Directors Duties in a Nutshell
There seem to be so many cases in the media around the globe of directors acting badly! Whether they are directors in conflict with one another on the front pages of the newspaper for all to see or companies that seem to be encumbered by the effects of boardroom decisions gone wrong or awry many of us are scratching our heads wondering what directors should be doing to avoid this. Perhaps, the place to start is to clarify the roles and responsibilities, and the actual legal duties of directors.
The one area of convergence in most of the corporate legislation internationally is around the duties and responsibilities of directors of companies (and this generally includes most other organisation types and forms). The twin duties of directors (governors) include an implied (or explicit) fiduciary duty and the triple responsibility to act with the required care, skill and diligence.
Let’s unpack these twin duties. Firstly, the concept of fiduciary duty is essentially the same as that used to describe the role of a trustee – this is the highest standard of care required in law. The roots of the word “fiduciary” originate in the mindset of a father looking after their child – the term originates from the Latin fiducarius that means “to hold in trust”, this in turn is a derivative of fides meaning trust or ‘good faith’. As such it is both a legal relationship and a moral or ethical relationship based on confidence and trust between two or more different parties. “A fiduciary is someone who has undertaken to act for and on behalf of another in a particular matter in circumstances which give rise to a relationship of trust and confidence” (Bristol and West Building Society v Mothew (1998)).
The areas of convergence between various legal jurisdictions result in the following similarities:
- Directors owe duties to the organisation and not to individual shareholders, employees or creditors outside exceptional circumstances;
- Directors’ core duty is to remain loyal to the company, and to avoid conflicts of interest;
- Directors are expected to display a high standard of care skill and diligence;
- Directors are expected to act in good faith to promote the success of the organisation.
To put it bluntly, irrespective of whether they are a shareholder of the entity in question all directors (or officers) of a company are in essence looking after the property of the company. To clarify, there is a very important point relating to the nature of company ownership that is vital to understand before progressing. A shareholder of an organisation holds a share in the business but does not own the things that organisation owns – these are owned by the organisation. This point may seem blatantly obvious when put in such a straightforward manner but the main issue is how directors behave – they tend to behave as if they own the things the organisation owns as opposed to behaving as if they merely hold a share in the company and thus have no direct claim on the actual assets of the organisation. This misunderstanding (or misbehaving to be more accurate) has significant effects.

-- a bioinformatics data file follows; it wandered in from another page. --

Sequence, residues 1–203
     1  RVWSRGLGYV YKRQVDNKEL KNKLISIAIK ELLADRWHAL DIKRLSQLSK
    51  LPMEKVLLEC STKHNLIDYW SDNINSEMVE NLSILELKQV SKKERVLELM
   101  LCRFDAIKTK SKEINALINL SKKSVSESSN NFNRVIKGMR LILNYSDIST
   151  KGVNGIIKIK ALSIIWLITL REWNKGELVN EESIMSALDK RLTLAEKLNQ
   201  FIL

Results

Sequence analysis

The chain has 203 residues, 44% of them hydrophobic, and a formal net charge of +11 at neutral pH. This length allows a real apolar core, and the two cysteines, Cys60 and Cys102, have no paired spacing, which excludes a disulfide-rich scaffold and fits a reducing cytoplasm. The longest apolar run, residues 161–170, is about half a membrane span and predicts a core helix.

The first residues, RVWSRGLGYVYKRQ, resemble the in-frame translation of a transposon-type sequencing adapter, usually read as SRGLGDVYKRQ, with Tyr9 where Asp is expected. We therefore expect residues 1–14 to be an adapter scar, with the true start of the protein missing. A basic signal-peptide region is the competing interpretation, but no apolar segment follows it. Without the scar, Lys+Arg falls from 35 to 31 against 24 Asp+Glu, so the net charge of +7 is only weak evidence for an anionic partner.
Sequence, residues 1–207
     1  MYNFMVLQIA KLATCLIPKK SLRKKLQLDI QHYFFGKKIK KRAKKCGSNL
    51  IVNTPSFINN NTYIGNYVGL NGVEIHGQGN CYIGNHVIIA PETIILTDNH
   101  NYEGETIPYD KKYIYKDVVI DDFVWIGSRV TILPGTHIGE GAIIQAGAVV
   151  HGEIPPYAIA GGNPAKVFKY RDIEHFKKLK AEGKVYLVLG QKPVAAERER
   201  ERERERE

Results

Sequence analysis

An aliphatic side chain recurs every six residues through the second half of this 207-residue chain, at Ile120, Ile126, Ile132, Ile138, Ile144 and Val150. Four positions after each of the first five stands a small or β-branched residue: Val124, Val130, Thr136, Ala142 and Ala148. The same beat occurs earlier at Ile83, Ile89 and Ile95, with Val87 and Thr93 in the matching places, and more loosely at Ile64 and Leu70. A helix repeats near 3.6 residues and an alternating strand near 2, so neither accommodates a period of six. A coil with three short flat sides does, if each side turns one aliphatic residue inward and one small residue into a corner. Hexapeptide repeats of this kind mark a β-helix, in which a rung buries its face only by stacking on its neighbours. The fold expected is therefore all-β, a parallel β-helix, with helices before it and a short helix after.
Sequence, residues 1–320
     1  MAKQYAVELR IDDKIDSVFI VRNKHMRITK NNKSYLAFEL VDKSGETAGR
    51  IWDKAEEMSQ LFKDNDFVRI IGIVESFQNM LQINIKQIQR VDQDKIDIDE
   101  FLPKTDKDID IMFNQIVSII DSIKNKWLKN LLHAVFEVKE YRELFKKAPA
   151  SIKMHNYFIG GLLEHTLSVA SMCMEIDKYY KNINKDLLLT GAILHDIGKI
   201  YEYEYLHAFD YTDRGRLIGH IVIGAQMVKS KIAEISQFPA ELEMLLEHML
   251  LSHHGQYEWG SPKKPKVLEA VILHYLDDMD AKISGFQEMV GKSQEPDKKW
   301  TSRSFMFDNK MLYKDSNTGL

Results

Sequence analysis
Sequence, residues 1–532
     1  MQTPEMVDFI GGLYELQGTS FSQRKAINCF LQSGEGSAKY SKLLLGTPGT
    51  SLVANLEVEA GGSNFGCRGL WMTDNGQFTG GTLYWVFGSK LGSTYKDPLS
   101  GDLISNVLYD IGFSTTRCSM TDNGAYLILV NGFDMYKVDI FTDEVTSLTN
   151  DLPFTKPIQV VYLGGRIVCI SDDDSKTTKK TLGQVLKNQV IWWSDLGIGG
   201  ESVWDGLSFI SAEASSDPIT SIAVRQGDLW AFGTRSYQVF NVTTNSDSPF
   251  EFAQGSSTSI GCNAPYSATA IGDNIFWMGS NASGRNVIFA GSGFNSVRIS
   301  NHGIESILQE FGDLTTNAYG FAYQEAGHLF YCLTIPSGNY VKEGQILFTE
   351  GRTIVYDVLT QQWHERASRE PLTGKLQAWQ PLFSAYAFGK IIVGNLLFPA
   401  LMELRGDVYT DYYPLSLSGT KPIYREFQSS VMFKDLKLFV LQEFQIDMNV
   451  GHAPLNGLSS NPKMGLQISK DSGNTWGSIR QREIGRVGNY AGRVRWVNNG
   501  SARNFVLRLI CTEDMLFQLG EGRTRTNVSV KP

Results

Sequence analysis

The phrase that most accurately represents a fiduciary duty is that of “acting in the best interests of the entity” alongside the requirement to act in good faith. Ultimately this becomes the test of a director (or trustee) in any decision and action. Did they, and were they seen to be, acting in the best interests of the organisation?
Secondly, the legal duty and responsibility of directors (and prescribed officers) of a company is to act with the required care skill and diligence in the performing of this fiduciary duty. The fiduciary duty creates the core reason for acting – the central motivation that should drive the thinking and behaviour of directors – the triple duty of care, skill and diligence start to provide some indication of how this duty is to be carried out. The specifics of what leaders in organisations should do daily is not spelled out in the legislative framework – it is left up to the interpretation of the leaders themselves. Many leaders miss this point when they look too intently to legislation to define exactly what they as leaders should be doing.
The behaviour of directors, acting individually and together as a board determine how they make decisions and what the company they direct actually ends up doing. These decisions and actions have a direct impact on company performance, the reputation of the business and the net effect on stakeholders – including everyone from customers and suppliers, to employees and the natural environment. Should this impact be negative, or even perceived as negative this could have potential liability implications for the directors in their personal capacity. It is definitely time for directors to better understand their legal duties, roles and responsibilities and determine how they can better decide and act into the future.